Microsoft Surface Phone shows up in benchmark listing, still a prototype

So why does Microsoft need a Surface Phone? Well, there’s the branding and then there’s the fact that Microsoft can promote a complete ecosystem for selling its Windows 10 software, which is its current focus (for now).


While not much can be said about Microsoft’s smartphone sales these days, there are plenty of rumours about the company working on a Surface Phone. Well, just recently the smartphone showed up in a browser benchmark listing along with display specifications, which indicate that the product may be pretty far off in Microsoft’s release cycle.

The browser benchmark listing appeared on benchmarking website HTML5test where the smartphone in question scored 401 out of 555, which is pretty much ok. The browser used was Microsoft’s Edge 12 and weirdly, the device was listed with a resolution of 640 x 360 pixels.

 Microsoft Surface Phone shows up in benchmark listing, still a prototype
Indeed, this is a device stuck in the prototype stage and is nowhere near an immediate release. Panos Panay during Microsoft’s Surface launch also hinted at a Surface Phone, while Wired’s David Pierce also claimed that he did see a “prototype of a new phone” inside Microsoft’s premises.

Yes, Microsoft could clearly be building one to complete it Surface ecosystem of devices, a premium device that will work seamlessly with the Surface Pro 4 and gel with the rest of its ecosystem. The problem is that Microsoft already has two of these and they come in the two flavours, the Lumia 950 and the Lumia 950 XL and these were announced just recently with the best hardware manufacturer’s had on offer, including liquid cooling for its Continuum feature.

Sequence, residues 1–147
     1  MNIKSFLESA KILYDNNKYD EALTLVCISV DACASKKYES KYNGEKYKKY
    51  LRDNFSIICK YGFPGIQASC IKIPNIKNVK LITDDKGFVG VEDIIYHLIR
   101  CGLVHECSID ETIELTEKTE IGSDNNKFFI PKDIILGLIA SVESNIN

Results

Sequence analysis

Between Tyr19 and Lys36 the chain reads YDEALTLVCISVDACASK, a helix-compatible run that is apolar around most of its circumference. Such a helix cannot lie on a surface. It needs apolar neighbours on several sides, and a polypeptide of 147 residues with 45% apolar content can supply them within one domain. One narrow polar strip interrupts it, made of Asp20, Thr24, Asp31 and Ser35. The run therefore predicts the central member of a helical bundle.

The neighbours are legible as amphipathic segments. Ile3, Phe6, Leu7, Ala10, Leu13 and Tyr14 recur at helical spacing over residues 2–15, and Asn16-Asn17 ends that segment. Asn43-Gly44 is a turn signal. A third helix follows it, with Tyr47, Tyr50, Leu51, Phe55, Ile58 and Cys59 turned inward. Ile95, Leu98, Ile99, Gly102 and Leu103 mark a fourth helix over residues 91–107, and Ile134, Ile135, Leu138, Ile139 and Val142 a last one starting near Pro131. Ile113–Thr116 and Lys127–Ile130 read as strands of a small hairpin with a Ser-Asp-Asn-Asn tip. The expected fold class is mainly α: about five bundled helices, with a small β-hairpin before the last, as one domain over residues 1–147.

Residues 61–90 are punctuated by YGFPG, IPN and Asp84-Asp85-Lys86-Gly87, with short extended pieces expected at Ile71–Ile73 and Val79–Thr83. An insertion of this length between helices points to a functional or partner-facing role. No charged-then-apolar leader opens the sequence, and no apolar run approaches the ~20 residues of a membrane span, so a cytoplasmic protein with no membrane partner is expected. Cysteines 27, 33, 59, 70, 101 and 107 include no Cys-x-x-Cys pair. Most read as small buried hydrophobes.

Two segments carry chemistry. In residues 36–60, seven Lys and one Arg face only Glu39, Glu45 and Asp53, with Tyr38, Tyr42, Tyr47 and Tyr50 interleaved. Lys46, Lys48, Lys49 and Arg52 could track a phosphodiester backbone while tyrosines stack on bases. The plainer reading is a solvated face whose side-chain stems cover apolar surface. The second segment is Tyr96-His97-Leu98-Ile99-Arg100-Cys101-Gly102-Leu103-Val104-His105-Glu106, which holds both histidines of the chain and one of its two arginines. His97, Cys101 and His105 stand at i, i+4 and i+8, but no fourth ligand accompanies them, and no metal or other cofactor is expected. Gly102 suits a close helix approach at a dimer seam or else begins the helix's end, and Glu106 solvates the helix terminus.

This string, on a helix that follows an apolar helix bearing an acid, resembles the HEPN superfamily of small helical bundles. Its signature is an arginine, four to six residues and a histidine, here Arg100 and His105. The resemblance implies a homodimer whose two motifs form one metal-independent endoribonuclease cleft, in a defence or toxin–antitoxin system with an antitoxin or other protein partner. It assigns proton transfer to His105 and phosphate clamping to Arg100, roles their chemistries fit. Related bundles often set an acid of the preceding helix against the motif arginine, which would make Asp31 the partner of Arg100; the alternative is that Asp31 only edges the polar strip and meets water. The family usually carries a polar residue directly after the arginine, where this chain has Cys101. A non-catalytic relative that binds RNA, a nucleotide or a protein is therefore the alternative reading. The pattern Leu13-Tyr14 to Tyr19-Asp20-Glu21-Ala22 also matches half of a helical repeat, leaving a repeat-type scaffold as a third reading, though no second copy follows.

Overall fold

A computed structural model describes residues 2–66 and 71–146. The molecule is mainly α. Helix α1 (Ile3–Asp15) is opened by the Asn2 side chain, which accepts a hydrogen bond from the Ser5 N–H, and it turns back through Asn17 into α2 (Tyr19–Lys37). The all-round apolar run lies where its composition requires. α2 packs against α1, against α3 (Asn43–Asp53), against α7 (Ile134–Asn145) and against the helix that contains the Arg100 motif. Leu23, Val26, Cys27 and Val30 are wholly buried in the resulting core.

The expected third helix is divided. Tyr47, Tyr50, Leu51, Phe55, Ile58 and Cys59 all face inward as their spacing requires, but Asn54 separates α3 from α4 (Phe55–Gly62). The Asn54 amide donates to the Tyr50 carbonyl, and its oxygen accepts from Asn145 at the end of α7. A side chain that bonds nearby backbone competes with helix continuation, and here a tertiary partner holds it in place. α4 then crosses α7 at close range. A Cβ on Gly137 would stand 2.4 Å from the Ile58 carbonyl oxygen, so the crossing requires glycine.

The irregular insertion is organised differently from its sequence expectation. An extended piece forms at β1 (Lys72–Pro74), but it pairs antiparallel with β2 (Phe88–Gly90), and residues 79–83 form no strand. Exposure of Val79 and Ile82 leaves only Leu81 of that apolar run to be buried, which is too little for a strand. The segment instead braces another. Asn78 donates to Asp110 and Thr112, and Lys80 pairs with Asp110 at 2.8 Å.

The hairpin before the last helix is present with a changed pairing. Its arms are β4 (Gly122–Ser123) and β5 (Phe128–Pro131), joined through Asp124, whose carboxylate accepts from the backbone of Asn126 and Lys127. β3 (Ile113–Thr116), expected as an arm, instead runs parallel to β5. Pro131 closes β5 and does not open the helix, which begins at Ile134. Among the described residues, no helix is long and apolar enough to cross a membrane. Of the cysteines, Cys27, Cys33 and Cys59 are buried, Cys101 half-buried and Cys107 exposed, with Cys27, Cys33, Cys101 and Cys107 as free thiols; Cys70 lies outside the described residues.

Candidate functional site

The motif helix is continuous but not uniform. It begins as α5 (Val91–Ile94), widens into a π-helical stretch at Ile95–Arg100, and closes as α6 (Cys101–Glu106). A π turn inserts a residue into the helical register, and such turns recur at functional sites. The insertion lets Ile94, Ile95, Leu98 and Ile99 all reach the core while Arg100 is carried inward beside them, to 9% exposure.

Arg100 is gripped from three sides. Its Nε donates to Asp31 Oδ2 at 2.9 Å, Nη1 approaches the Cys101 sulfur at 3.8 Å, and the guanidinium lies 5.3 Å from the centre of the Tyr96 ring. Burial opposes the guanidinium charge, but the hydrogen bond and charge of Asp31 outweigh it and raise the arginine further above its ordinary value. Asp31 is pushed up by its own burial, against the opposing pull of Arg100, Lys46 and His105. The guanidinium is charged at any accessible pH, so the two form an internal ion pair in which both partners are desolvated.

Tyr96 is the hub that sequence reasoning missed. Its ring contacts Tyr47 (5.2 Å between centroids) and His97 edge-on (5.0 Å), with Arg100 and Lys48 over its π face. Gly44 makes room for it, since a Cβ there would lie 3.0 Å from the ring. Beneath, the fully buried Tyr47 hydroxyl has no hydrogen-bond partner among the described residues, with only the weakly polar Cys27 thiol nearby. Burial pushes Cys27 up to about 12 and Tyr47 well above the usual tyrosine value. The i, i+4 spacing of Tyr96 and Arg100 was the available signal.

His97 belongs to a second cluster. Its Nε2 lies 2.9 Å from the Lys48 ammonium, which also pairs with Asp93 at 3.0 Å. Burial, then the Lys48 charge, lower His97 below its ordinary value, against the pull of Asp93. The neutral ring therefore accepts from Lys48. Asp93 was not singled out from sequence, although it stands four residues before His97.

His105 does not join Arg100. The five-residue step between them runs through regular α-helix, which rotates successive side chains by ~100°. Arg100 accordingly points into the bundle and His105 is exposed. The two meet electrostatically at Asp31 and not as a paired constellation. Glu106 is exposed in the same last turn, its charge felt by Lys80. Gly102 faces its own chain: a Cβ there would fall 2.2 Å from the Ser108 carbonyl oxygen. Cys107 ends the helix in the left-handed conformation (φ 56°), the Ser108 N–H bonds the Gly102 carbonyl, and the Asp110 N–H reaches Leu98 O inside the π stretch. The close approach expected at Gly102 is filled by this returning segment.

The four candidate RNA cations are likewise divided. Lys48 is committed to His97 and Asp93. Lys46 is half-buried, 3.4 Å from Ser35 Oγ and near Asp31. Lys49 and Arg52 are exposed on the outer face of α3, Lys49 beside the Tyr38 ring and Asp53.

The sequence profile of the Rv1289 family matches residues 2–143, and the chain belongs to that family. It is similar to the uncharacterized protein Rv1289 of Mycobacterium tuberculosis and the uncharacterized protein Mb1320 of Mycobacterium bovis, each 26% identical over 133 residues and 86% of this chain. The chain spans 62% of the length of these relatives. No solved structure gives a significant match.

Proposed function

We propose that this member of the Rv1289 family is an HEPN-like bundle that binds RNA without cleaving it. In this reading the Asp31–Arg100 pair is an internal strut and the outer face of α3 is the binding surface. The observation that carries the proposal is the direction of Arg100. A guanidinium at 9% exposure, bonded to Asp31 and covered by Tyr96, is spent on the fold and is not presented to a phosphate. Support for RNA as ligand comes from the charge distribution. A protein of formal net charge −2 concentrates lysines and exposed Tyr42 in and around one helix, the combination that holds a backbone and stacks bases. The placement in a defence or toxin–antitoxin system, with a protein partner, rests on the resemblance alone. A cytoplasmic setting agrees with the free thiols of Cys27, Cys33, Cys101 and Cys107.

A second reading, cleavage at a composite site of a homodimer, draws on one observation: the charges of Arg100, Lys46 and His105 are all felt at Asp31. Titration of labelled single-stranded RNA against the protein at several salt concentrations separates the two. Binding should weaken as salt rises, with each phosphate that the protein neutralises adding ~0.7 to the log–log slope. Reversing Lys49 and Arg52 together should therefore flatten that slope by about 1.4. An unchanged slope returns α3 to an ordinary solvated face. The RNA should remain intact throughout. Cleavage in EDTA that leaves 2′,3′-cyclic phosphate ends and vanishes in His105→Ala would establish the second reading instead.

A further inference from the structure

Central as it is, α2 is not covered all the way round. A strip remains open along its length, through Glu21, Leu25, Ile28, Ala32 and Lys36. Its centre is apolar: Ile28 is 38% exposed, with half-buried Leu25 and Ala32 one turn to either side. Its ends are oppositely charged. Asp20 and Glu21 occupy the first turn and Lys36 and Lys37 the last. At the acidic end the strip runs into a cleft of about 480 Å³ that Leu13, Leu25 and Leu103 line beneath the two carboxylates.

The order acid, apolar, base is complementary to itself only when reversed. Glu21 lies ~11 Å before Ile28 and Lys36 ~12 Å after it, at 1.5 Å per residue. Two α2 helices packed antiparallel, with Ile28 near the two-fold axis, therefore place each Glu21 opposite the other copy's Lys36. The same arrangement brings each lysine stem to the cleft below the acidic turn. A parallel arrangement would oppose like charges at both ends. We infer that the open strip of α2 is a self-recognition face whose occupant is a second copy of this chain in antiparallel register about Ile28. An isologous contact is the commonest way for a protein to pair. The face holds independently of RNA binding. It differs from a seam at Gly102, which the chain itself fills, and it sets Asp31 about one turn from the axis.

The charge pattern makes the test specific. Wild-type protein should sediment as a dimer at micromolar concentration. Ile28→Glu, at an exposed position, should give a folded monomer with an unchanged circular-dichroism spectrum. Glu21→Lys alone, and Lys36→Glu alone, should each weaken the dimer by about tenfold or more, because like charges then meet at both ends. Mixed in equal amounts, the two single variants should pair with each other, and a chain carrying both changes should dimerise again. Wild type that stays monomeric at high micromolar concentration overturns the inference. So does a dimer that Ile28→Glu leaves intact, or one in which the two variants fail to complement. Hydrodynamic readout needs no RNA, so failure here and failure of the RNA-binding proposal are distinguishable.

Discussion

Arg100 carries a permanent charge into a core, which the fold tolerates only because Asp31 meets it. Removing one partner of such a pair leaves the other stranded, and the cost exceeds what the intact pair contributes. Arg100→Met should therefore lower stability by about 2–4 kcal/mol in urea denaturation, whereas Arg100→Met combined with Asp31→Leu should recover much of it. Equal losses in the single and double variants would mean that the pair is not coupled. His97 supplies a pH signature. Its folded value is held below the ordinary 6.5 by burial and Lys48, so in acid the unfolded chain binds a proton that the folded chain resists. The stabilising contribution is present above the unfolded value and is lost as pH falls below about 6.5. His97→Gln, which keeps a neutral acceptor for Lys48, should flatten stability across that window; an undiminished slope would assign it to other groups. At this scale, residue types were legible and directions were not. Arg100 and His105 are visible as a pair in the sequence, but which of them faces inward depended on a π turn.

So why does a Microsoft Surface Phone need to exist? Well, the brand. And then there’s the fact that Microsoft can promote a complete ecosystem for selling its Windows 10 software, which is its current focus (for now). The smartphone (when ready) will sell only in specific markets, similar to the Surface tablets in typical Surface fashion. The rumour-mill suggests that Microsoft will be using familiar Intel chipsets in the Phone, since the architecture will be similar to tablets and desktops.

Microsoft’s smartphone’s are not doing too well, even though the company launched Windows 10 for desktops with just a 1.7 percent market share as Gartner pointed out in recent report. But hey, they still sit above BlackBerry! Then again, things could change with the Android-powered Priv being rolled out. As for the rest of the Windows fans they can do equally well with a Qualcomm-powered Windows 10 smartphone.


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